• The Reverse Voracek here, if there is one, is Travis Konecny, whose scoring numbers aren’t anything too special but whose on-ice numbers are excellent, as Jake Fahringer discussed here last week. If the puck starts going into the net for him a little more frequently, we’re going to be talking about him a lot. (Also worth noting, like with Voracek, that context may matter here: Konecny’s getting the most offensive zone starts of any player on the team.)
• There’s a gap in the data for Lindblom here because he of course wasn’t on the team in the first 18 games of last season, but for all the talk of the chemistry him and Patrick have shown, it’s pretty interesting that their numbers have looked damn near identical since his arrival to the league.

Next, the bottom-6 forwards, at least the ones who have playing time both this and last season (hence Michael Raffl’s presence on the chart):

What sticks out here:

• Those first couple of weeks of the season, in which Wayne Simmonds certainly appeared to be Back, do feel like they’re a distant memory at this point, as Simmonds’ overall productivity is closer to what it was last year (when he dealt with approximately 63 different injuries) than what it was in years past. Context is important here — Simmonds has mostly been on the third line and, more crucially, hasn’t been on the top power play for much of the season — but with his contract situation looming large, one has to think that if the Flyers are looking for more out of him if they’re going to give him an extension.
• Dale Weise looking like basically the player the Flyers thought they were getting when they signed him three summers ago has to be the biggest shock of the season so far, right?
• Scott Laughton coming in just a touch above where he was last year surprised me a bit, given how much has been made of how good he’s looked so far this year. Much like Voracek in the previous section, his good scoring numbers so far have washed over some unimpressive possession numbers (44.52 percent Corsi For as of this writing), ones which are influenced to some extent by context (he has an offensive zone start ratio of 37.23 percent). Wouldn’t be surprised if both his scoring and possession numbers regress a bit, albeit in opposite directions.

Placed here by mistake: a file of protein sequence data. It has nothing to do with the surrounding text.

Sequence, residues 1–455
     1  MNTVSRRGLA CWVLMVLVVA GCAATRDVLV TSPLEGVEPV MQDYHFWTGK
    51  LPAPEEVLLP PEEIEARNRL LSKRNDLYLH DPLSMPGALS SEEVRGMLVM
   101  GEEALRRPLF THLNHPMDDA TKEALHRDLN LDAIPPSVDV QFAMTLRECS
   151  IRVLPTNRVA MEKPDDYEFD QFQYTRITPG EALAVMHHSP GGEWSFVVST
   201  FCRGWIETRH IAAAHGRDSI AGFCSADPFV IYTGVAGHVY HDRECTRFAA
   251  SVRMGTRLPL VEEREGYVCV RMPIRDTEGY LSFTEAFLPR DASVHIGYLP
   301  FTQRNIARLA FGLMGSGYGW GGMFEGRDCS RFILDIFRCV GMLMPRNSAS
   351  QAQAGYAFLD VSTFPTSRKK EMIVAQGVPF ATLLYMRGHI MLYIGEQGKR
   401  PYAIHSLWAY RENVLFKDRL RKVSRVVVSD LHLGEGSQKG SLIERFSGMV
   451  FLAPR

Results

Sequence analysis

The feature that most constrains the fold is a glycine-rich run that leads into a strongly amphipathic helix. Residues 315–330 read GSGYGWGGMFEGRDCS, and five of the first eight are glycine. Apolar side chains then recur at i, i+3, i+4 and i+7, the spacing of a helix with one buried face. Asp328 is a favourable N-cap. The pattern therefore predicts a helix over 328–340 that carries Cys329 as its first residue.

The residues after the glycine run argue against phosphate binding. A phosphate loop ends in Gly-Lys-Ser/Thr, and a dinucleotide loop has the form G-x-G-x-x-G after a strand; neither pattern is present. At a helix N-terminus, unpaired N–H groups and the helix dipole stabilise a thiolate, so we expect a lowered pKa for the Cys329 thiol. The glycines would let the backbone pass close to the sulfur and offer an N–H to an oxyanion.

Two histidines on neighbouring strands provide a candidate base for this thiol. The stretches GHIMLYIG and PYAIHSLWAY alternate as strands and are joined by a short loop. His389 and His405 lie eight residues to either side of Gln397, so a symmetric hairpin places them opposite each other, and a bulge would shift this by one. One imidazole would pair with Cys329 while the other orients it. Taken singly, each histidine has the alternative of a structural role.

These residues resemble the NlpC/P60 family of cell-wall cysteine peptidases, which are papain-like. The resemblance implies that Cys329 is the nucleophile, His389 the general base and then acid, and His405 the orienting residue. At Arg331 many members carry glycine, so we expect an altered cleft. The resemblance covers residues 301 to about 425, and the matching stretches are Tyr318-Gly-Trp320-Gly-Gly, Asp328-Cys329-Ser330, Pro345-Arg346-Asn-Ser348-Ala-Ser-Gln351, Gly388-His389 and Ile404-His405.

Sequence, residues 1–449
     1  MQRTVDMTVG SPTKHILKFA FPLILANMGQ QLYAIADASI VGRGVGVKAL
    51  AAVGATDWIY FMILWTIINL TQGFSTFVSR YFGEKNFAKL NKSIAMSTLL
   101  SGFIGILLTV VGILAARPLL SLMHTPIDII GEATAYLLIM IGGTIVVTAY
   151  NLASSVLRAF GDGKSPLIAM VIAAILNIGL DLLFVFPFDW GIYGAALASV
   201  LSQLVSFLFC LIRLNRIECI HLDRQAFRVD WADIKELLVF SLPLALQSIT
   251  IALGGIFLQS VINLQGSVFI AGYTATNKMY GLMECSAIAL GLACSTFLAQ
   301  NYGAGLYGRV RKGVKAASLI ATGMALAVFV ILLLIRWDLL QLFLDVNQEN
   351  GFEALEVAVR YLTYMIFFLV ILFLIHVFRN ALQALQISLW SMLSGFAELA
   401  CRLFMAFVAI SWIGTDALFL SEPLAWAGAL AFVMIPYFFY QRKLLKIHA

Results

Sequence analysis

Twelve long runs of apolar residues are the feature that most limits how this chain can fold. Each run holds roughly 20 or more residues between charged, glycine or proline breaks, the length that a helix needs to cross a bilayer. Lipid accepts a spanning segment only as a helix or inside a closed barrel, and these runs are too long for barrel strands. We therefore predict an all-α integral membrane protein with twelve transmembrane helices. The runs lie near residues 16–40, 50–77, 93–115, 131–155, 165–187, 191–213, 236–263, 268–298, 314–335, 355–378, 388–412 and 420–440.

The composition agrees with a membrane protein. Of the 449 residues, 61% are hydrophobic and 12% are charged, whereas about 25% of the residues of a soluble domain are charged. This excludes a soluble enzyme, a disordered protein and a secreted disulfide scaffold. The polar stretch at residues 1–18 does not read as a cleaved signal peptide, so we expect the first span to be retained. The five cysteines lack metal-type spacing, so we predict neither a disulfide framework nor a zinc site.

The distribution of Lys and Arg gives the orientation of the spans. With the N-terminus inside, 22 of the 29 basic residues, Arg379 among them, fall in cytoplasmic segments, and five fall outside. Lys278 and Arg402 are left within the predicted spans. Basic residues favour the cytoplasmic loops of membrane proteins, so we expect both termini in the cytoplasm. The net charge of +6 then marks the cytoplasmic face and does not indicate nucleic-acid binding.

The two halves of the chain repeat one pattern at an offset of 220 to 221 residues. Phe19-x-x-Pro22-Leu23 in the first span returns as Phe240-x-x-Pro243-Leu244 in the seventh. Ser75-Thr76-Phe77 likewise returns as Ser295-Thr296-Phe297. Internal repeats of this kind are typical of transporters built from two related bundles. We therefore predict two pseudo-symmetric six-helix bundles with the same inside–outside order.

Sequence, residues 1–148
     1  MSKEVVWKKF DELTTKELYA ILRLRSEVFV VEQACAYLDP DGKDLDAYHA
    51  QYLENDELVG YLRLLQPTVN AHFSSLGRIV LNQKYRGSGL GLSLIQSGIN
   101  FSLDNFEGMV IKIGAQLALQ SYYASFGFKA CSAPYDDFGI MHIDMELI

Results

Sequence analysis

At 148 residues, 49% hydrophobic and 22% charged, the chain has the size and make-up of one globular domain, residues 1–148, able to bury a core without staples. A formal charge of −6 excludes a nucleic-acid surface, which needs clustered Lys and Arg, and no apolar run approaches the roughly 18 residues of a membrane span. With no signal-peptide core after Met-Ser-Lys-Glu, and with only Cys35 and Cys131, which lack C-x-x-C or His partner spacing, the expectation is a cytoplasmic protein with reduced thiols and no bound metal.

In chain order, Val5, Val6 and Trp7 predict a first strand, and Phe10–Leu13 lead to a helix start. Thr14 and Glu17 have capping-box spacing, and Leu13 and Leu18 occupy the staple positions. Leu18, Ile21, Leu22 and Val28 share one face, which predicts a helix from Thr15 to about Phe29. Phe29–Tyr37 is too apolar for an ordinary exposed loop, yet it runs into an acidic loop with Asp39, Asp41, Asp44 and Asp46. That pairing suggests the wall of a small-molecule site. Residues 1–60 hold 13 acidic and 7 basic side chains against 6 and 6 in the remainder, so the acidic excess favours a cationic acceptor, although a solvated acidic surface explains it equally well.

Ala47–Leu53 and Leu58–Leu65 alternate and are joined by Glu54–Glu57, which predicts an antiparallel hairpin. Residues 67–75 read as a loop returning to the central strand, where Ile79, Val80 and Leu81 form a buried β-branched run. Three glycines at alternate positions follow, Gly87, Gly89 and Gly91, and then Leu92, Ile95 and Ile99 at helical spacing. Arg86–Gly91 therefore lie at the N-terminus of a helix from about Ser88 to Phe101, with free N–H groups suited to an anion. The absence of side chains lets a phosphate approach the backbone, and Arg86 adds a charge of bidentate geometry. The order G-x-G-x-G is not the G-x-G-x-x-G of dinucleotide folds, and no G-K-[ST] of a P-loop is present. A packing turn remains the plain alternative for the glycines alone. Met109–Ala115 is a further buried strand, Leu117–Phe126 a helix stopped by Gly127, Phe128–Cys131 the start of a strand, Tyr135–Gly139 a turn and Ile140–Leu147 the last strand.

And finally, the defensemen:

Thoughts:

• In general, the picture painted here is one of “the team’s two star defensemen haven’t been themselves to start this season, and the depth guys in the lineup have for the most part had to try and pick up the slack by way of marginal improvements”. I don’t think that’s one that’s too detached from reality, even if it is a little jarring to see just how far off Ivan Provorov and Shayne Gostisbehere have been from what we’ve come to expect from them.
• The Radko Gudas/Travis Sanheim pairing’s success in limited minutes has been a big topic of the season’s early-going, and we can see here how productive they’ve been so far. They’ve received the easiest competition and assignments of any of the team’s defensemen, but you can only play the minutes you’re on the ice for, and they’re playing it well.
• Robert Hagg’s big jump forward this year is interesting, and there’s more to it than I thought there would be given the fact that his Corsi hasn’t changed much year-over-year (45.65 percent last year, 46.01 percent so far this year). His scoring being up is probably the key driver here — he has seven points already this year after tallying nine all of last season. That said, two other things should be noted. First, he’s blocking shots at a much higher rate this year (1.83 per game) than he was last year (1.43 per game). And second, he’s been handling tougher defensive assignments, and his offensive zone start ratio has dropped to 36.5 percent (from 41.6 percent last year). I’ll be curious to see how the rest of this season goes for him, particularly because I think the scoring is going to slow down at some point.
• Not that we needed further confirmation of this, but good God, Andrew MacDonald was bad before they took him off the ice. I guess that happens when you take a third-pair-ish player and try to bring him back two weeks into a six-week injury!
• If you’re curious, Christian Folin’s Game Score per game so far this year is around 0.33, which is actually not bad at all for a defenseman who gets third-pair ice time and doesn’t really score at all. Sure, he has had some glaring visible screw-ups at times this year, but he shouldn’t come out of the lineup for MacDonald unless/until things get noticeably worse for him.